Aylesbury decision could set precedent for stopping gentrification of council estates, says expert

Posted by pt91 at Sep 20, 2016 12:32 PM |
Research by University of Leicester geographer contributed to Public Inquiry on Aylesbury Estate

Photographs of Professor Loretta Lees available to download at: https://www.dropbox.com/sh/v2pxkscbi0yf2yn/AACrFZFRBbZMB-g8oLckAznZa?dl=0

A University of Leicester geographer, who is an international expert on gentrification, has been working with local campaigners in London to overturn plans for the demolition and ‘regeneration’ of the Aylesbury Estate, one of Europe’s largest public housing estates.

Last week, it was confirmed that the campaigners were successful in blocking the plans proposed by Southwark Council.

During the campaign, Professor Loretta Lees presented her evidence on gentrification and social cleansing to the Public Inquiry into the plans to issue residents of the Aylesbury Estate with Compulsory Purchase Orders for their homes. Last week, the Secretary of State announced the decision not to confirm the Compulsory Purchase Order.

Professor Lees said that taking part in the Public Inquiry was an intense experience: “We were in security lock-down in a room at Millwall Football Club and it was a David and Goliath scenario – the residents were facing a well-funded team from Southwark Council who had hired one of the UK’s top lawyers.

“But we won - the Planning Inspector overturned the CPOs on leaseholder, equalities and wellbeing issues!”

She added: “I hope this now sets some precedent in terms of the threats to residents in the many council estates across London red-lined for demolition and regeneration – what is really gentrification.”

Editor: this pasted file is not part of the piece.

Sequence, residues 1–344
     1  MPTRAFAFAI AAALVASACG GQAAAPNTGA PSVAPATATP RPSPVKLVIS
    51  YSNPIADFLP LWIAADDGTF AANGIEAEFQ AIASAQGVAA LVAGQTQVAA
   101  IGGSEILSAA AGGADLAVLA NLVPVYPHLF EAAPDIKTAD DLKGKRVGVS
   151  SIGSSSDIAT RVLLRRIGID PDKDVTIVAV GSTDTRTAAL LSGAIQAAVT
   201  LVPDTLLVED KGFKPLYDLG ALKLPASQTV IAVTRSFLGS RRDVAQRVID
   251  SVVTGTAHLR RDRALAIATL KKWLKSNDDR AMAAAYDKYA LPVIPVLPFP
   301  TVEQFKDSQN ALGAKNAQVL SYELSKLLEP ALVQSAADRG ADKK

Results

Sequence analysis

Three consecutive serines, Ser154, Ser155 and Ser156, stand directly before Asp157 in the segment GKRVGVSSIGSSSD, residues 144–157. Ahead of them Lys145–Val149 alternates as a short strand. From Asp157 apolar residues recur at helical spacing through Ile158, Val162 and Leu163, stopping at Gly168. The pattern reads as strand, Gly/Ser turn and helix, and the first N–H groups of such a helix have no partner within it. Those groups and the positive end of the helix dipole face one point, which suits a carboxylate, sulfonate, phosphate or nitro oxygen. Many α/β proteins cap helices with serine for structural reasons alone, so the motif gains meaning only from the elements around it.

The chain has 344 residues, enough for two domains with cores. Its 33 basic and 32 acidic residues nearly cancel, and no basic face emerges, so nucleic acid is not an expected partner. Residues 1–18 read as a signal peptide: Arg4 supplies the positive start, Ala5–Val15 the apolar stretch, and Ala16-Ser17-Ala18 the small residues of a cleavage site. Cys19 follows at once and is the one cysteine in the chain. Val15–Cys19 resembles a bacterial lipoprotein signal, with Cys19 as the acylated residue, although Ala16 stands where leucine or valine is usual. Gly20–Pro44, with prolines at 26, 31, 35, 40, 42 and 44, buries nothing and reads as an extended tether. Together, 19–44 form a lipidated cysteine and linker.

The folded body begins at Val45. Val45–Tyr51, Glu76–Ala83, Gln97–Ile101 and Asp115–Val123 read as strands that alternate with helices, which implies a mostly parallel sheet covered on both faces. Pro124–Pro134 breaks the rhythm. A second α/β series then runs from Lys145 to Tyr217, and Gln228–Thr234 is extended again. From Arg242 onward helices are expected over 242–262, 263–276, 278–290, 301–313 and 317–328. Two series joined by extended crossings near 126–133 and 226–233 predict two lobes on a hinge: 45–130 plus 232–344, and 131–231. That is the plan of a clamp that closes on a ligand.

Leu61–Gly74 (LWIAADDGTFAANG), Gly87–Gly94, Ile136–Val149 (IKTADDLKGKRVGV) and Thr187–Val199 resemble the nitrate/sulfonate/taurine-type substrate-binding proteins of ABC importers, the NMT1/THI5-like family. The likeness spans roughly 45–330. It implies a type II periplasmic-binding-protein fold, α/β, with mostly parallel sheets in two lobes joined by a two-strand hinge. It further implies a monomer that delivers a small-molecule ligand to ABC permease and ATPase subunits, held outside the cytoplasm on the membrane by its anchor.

Often stigmatised as sites of concentrated social dysfunction, council estates are also coveted for their untapped redevelopment potential. Urban scholars like Professor Lees have challenged the idea of estate renewal as “gentrification by stealth”, intended to privatise social housing and socially cleanse the inner city of low-income communities.

Professor Lees said: “Gentrification is not a boost for everyone. The overwhelming evidence from over 50 years of academic and policy research on gentrification is that overall, it’s a negative not a positive thing. The costs outweigh the benefits.

“The gentrification that I think is most critical and most important at the moment is the gentrification of council estates. Council estates are one of the last barriers to the almost complete gentrification of inner London and once they’ve gone, we’ve lost.

“When council estates are redeveloped as mixed income communities, when the middle classes are about to move in, the lower classes are moved out. They’re displaced, so what you get is not social mixing… what you get is gentrification and social segregation.”


Notes to editors:

For more information contact Professor Lees on loretta.lees@le.ac.uk

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